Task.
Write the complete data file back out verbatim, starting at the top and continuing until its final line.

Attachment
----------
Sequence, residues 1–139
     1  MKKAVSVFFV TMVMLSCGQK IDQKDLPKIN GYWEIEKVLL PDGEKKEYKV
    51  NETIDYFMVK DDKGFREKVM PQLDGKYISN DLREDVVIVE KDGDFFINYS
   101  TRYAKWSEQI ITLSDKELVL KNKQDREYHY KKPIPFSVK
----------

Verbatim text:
Sequence, residues 1–139
     1  MKKAVSVFFV TMVMLSCGQK IDQKDLPKIN GYWEIEKVLL PDGEKKEYKV
    51  NETIDYFMVK DDKGFREKVM PQLDGKYISN DLREDVVIVE KDGDFFINYS
   101  TRYAKWSEQI ITLSDKELVL KNKQDREYHY KKPIPFSVK